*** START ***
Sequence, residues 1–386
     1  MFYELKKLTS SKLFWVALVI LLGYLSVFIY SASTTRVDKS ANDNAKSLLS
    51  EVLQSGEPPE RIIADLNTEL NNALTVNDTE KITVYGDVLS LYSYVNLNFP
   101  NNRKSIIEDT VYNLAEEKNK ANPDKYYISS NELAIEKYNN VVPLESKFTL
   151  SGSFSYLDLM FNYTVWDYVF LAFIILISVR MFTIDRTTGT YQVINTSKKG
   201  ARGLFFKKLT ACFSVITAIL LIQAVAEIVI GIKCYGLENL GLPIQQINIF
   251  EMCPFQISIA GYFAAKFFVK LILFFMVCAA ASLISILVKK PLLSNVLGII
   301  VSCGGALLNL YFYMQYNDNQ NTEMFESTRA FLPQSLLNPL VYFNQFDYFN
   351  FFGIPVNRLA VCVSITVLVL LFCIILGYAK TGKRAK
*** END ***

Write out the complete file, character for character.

Sequence, residues 1–386
     1  MFYELKKLTS SKLFWVALVI LLGYLSVFIY SASTTRVDKS ANDNAKSLLS
    51  EVLQSGEPPE RIIADLNTEL NNALTVNDTE KITVYGDVLS LYSYVNLNFP
   101  NNRKSIIEDT VYNLAEEKNK ANPDKYYISS NELAIEKYNN VVPLESKFTL
   151  SGSFSYLDLM FNYTVWDYVF LAFIILISVR MFTIDRTTGT YQVINTSKKG
   201  ARGLFFKKLT ACFSVITAIL LIQAVAEIVI GIKCYGLENL GLPIQQINIF
   251  EMCPFQISIA GYFAAKFFVK LILFFMVCAA ASLISILVKK PLLSNVLGII
   301  VSCGGALLNL YFYMQYNDNQ NTEMFESTRA FLPQSLLNPL VYFNQFDYFN
   351  FFGIPVNRLA VCVSITVLVL LFCIILGYAK TGKRAK